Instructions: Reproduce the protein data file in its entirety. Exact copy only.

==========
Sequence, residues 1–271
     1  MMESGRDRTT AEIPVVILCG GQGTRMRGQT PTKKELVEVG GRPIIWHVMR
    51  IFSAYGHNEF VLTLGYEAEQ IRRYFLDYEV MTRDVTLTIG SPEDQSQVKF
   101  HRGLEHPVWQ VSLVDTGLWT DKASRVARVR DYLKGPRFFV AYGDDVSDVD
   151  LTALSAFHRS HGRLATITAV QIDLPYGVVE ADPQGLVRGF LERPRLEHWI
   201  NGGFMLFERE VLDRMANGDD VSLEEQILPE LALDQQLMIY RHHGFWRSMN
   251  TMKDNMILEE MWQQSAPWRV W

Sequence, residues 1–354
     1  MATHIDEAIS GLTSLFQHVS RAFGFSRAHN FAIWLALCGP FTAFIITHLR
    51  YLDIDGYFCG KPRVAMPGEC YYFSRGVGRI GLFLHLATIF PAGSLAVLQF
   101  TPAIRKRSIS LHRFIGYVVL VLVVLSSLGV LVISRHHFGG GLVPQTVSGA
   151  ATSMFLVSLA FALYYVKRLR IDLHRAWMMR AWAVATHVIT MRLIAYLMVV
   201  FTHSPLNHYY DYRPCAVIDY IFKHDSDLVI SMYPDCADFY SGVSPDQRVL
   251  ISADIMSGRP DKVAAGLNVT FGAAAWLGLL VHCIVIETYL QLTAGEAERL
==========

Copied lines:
Sequence, residues 1–271
     1  MMESGRDRTT AEIPVVILCG GQGTRMRGQT PTKKELVEVG GRPIIWHVMR
    51  IFSAYGHNEF VLTLGYEAEQ IRRYFLDYEV MTRDVTLTIG SPEDQSQVKF
   101  HRGLEHPVWQ VSLVDTGLWT DKASRVARVR DYLKGPRFFV AYGDDVSDVD
   151  LTALSAFHRS HGRLATITAV QIDLPYGVVE ADPQGLVRGF LERPRLEHWI
   201  NGGFMLFERE VLDRMANGDD VSLEEQILPE LALDQQLMIY RHHGFWRSMN
   251  TMKDNMILEE MWQQSAPWRV W

Sequence, residues 1–354
     1  MATHIDEAIS GLTSLFQHVS RAFGFSRAHN FAIWLALCGP FTAFIITHLR
    51  YLDIDGYFCG KPRVAMPGEC YYFSRGVGRI GLFLHLATIF PAGSLAVLQF
   101  TPAIRKRSIS LHRFIGYVVL VLVVLSSLGV LVISRHHFGG GLVPQTVSGA
   151  ATSMFLVSLA FALYYVKRLR IDLHRAWMMR AWAVATHVIT MRLIAYLMVV
   201  FTHSPLNHYY DYRPCAVIDY IFKHDSDLVI SMYPDCADFY SGVSPDQRVL
   251  ISADIMSGRP DKVAAGLNVT FGAAAWLGLL VHCIVIETYL QLTAGEAERL